Concept art for electrified EMUs.
Concept art for electrified EMUs.

Recently a Mr. Stanford M. Horn posted an opinion blog in the San Francisco Examiner‘s guest column section online. Mr. Horn wants to see more frequent service on the San Francisco Peninsula and Caltrain agrees. But the details are in the execution. With Caltrain Modernization, which the agency is rapidly moving towards, we will operate faster and/or more frequent service to more stations along the Peninsula. Electrification allows Caltrain to run up to 6 trains per hour in each direction.

But let’s look at what Caltrain is doing today and what it can do between now and 2019, when the system hopes to roll out electrification. While Mr. Horn is correct that Caltrain cut service during the low point of the recession in 2008, when systems across the Bay Area were experiencing budget shortfalls and ridership losses, what he fails to point out is that Caltrain added 6 trains back to the schedule as recently as 2012 to accomodate the ridership boom the system has experienced in recent years.

During Caltrain’s peak commute hours, the system runs up to 5 trains per hour. Those trains, a mix of Baby Bullets and limited stops, are generally at capacity and frequently standing room only. In fact, the demand for increased capacity during the commute far outweighs the call for additional off-peak capacity. As an agency with an ongoing structural deficit and no dedicated funding source, Caltrain must make choices about where to invest its precious dollars. Even its most heavily ridden trains don’t break even. Currently, revenue collected through fares covers about 60 percent of the cost of operating the service. Every additional train adds to that deficit.

Electrification will reduce the cost of operating the service, by eliminating the cost of fuel. But until then, the agency is focused on adding capacity where it is most needed, in the peak of the commute. To do that, we are purchasing and leasing additional equipment to run longer trains. This will allow the system to carry more riders when the demand is greatest.

Adding service during the midday and later in the evening is a goal that we aspire towards. But it will be within reach once the system has been modernized. Even then, Caltrain will have to factor the labor costs and equipment availability into the equation when adding off-peak service. While it may be true that if you add it MORE will come, the question for an agency without a dedicated funding source is: If we add it will ENOUGH come?

Feel free to contact Jayme Ackemann, Caltrain’s Communications Manager, via Twitter @JaymeAckemann.


  1. 60% of farebox recovery means one round trip between SF-SJ with average ridership covers 60% of its operating cost. This means train with 1.67 time or more ridership should be break even or generate profit. Is it correct statement that you say: “Even its most heavily ridden trains don’t break even.” ?

  2. The majority of our trains run well under 100% capacity. So to isolate a few peak hour trains as ‘profitable’ isn’t possible as they are part of a larger system. Every peak hour train turns to become another off-peak train before the crew completes their shift, which means that the total cost of fuel and labor for any train is amortized over the entire period it is in operation, not just the single one-way trip most riders experience.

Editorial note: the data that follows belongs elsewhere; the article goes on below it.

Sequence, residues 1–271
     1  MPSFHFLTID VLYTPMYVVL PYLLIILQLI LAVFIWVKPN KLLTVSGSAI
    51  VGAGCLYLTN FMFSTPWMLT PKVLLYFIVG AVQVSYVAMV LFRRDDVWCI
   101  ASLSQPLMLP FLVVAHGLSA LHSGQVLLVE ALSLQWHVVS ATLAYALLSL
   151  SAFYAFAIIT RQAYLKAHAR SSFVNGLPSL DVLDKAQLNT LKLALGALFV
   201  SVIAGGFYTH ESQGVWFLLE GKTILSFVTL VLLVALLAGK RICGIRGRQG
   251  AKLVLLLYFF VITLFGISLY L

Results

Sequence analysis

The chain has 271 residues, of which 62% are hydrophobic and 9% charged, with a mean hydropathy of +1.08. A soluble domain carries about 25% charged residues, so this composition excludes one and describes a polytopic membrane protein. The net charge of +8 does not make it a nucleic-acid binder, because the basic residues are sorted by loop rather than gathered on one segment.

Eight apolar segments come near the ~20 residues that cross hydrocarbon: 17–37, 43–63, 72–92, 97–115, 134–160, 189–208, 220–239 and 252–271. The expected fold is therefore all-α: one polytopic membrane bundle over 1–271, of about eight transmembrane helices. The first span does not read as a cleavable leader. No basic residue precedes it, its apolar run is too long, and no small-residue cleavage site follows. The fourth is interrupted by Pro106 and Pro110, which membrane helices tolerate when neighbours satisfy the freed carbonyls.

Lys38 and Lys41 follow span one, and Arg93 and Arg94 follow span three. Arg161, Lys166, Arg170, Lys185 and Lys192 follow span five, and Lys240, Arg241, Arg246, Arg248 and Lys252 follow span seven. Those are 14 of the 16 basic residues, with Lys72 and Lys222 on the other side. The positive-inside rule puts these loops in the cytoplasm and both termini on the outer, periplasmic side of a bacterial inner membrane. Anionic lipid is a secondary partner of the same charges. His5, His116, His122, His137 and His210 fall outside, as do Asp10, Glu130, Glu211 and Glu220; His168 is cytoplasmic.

Even our busiest peak hour trains leaving San Francisco at capacity will see dwindling ridership as they approach San Jose. Riders disembark at Palo Alto, Mountain View and Sunnyvale in great numbers. The average Caltrain rider travels just over 20 miles a ride, meaning most passengers aren’t paying full fare from San Jose to San Francisco and no southbound train ever arrives in San Jose at 100% capacity. Similarly, no train ever leaves San Jose at capacity. This means that while there may be times when it seems the train is straining at capacity, most of those riders are traveling for shorter durations on less expensive tickets. Factor in the large pool of monthly riders, who receive significant discounts on the price of a one-way ticket, and Go Pass riders, whose companies pay a heavily discounted flat rate for their trip and even on a full train you are not realizing the full cost of the service for any given trip.

  3. Thank you for reply to my comment. It is true, add one more set of trainset/crew will increases operating cost. What Caltrain can do, is reduce turn around time and run more train with existing operating resources.
    For example, train 329 (#1 busiest NB) depart from Tamien 7:56 but trainset arrived in Tamien 7:05 AM as train #105. (51 minutes turn aruond time!) There are several trains whichare idling at terminal because of long turn around time even in peak period,
    Majority of current timetable is created in 2005 when Caltrain have only 30000 weekday ridership and many hold-out stations. Increasing ridership and only 2 hold-out station (SSF and colledge park), Caltrain can make better timetable with more frequent service but same operating expense. (beside fuel)

  4. Whats the plan for the Gilroy extension? I ride from Morgan Hill to Redwood City everyday. I believe these tracks are owned by Union Pacific and wouldn’t be part of electrification right?. I know more and more people are moving to the south county area due to increased costs in SJ, the penninsula etc. Is there a possibility of more trains and frequency long term in this area?

    On the other end of the coin, a few years back there was talk about eliminating trains from the extension. Please tell me Caltrain would never consider this given the improvements in ridership…

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